August 5, 2009
By Kathleen Megan
It’s a time when even the most normal, well-balanced kids can become unhinged. So can their parents.
The summer before college is a time of transition that tests everyone as changing roles, hopes, expectations, excitement, fears and anxiety collide.
Andrea Rossi-Reder, associate dean of studies for freshman and sophomores at Connecticut College, said that mid-summer is when she often will get phone calls from concerned parents who might say, “Oh, ‘my daughter is mopey and weepy one day and all giddy and excited the next. … It’s almost like she’s bipolar.’ … What I usually tell them is that this is absolutely normal.”
Rossi-Reder said that such cocktails of emotions are often typical of high school seniors, as their excitement about leaving is matched by their fears.
Nica Weisinger, a June graduate of Conard High School in West Hartford, said she is mostly excited but also nervous about heading off to McGill University in Montreal.
When she worries, she said, it’s less about the academics – which she figures she’ll be able to handle – and more about the immersion in a completely different culture and the huge day-to-day change in lifestyle.
“Some days, it’s like, “I can’t believe I’m going to Canada,'” Weisinger said excitedly, and other days it’s, “Oh, my God. I’m going to Canada.”
Experts say that while the summer before college has always been a time of turmoil, it may be particularly so these days.
Carlton Kendrick, a Boston-based psychotherapist and author of “Take Out Your Nose Ring, Honey, We’re going to Grandma’s: Hanging In, Holding On and Letting Go of Your Teen,” said that when kids come in to talk during the summer before college, they often tell him, “I’m really scared out of my mind that I’m not going to make it.”
The pressure and uncertainty about whether they will succeed in college is coupled with the worries and sadness about leaving friends, which often translates into an intense desire to spend time with those friends. “Your whole life is about to change in a radical manner, and you are trying to assure yourself: You will always have these friends, that this will never end.”
Steven Roy Goodman, a Washington-based college consultant, said parents and children become confused by their roles. The kids wonder, “Am I a child, or am I an adult? What responsibilities do I have? Do I still clean the dishes?”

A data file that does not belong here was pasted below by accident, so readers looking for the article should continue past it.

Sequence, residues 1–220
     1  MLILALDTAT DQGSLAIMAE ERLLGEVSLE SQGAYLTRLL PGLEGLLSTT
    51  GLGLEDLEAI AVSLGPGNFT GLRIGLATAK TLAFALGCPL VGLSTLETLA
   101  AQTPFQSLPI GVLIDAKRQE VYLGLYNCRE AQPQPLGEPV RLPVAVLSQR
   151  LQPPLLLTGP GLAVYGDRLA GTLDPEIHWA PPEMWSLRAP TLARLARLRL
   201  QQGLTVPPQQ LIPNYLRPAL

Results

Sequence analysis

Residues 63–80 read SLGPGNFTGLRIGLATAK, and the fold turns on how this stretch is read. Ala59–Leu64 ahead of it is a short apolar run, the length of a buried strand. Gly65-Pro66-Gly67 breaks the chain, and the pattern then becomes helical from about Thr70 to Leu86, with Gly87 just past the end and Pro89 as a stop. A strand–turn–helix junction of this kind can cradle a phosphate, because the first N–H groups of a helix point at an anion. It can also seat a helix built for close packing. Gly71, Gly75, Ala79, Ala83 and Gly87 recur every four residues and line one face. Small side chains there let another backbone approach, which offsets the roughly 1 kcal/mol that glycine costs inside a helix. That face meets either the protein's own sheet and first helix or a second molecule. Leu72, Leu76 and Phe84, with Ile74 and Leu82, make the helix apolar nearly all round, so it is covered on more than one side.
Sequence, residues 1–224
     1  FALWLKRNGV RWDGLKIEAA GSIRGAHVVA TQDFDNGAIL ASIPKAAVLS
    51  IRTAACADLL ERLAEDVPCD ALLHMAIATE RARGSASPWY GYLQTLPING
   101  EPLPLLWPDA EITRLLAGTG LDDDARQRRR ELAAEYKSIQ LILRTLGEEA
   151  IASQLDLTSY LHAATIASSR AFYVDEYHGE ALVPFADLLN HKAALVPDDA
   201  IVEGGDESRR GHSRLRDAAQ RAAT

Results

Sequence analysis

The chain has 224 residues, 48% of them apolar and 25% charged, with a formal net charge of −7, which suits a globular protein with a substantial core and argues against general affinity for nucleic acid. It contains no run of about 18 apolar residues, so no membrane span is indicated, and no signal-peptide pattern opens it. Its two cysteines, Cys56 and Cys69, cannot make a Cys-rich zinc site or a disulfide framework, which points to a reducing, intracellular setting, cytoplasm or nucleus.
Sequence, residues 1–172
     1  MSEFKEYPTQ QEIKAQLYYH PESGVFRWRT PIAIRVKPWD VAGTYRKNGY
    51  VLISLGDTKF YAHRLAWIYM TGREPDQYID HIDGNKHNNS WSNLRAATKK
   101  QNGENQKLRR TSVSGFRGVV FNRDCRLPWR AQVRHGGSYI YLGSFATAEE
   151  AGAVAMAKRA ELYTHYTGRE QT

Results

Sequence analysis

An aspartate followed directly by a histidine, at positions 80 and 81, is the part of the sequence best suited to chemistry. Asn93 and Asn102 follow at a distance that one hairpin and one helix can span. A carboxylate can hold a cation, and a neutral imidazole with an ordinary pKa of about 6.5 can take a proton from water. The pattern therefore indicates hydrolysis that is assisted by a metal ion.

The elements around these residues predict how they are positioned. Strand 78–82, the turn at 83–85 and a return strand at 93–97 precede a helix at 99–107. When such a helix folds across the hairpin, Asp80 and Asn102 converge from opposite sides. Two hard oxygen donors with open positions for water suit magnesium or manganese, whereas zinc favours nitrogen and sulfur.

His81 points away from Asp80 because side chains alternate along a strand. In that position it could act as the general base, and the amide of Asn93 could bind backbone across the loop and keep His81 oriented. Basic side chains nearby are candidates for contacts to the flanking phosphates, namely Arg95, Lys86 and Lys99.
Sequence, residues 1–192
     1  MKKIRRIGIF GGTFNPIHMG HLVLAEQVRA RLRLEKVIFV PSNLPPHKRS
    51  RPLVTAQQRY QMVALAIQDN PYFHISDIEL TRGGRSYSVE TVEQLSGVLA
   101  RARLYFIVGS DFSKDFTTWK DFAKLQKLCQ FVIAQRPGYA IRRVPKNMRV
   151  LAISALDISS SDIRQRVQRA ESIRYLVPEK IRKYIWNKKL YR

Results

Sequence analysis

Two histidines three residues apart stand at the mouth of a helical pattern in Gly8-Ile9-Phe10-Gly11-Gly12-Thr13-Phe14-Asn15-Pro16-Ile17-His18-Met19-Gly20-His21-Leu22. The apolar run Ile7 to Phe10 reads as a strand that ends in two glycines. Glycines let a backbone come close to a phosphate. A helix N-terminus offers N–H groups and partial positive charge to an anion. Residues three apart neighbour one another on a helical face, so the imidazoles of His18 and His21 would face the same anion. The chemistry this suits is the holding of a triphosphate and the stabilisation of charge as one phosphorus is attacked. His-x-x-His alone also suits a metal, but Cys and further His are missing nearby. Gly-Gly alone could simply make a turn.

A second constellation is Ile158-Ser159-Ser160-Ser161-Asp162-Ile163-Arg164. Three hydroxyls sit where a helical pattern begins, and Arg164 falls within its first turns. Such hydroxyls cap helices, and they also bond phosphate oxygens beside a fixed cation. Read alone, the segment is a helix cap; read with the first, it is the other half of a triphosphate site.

Parents like Sue Zirlen of Chester said that her daughter’s upcoming departure for Emmanuel College in Boston has her crying one minute and counting the hours, minutes and seconds the next.
“One minute, I am so angry that if I wasn’t a self-proclaimed pacifist, someone would be injured by now,” wrote Zirlen in an e-mail, “and the next moment I am in a store sobbing as I walk through the picture-frame aisle because I am picturing my daughter in every frame at every birthday from her first.”
All of these emotions can lead to conflict. JoAnne Carter of Education Solutions, an Essex college counseling firm, said, “We see a lot of kids who were perfect citizens all through high school, have never rebelled in any way, having a really tough time over the summer – not doing what parents ask of them, or acting out or getting into arguments.”
Kendrick said the arguments make it easier for a kid to leave: “It’s an awful lot easier to be angry and pissed at your parents and say you can’t wait to leave than it is to be really saddened and frightened.”
While for some kids anxiety about the unknown can lead to wild partying and substance abuse, for others it can cause withdrawal or depressive symptoms.
Experts say they believe the anxiety and fear has increased in recent years for a variety of reasons, ranging from the greater competitiveness of the college process to the over-involvement of parents.
“With this generation, almost from the day they were born, their parents were worried about which college they’d get into,” said Rossi-Reder of Connecticut College. When these students finally get into a college and decide where to go, the letdown can be significant.
Some say the shaky economy has also increased the pressure on kids as parents are more likely to make it clear that covering the tuition is a huge family sacrifice. The “helicoptering” habits of many of the parents of this generation also may make departure harder: Parents are used to managing their kids’ lives, and kids aren’t so sure they can get along without it.
Young people are also more anxious in general, Rossi-Reder said, because “that’s the way they are being brought up. … Life is very stressful now. Our children are expected to do so much more, to excel so much more. It’s not enough just to take classes; they must be involved in groups, sports – activities that are résumé builders.”
By the time they get to the end of the summer before college, they may be thinking, “Oh, wait, that’s not the end. Now I have to go to college and do this thing all over.”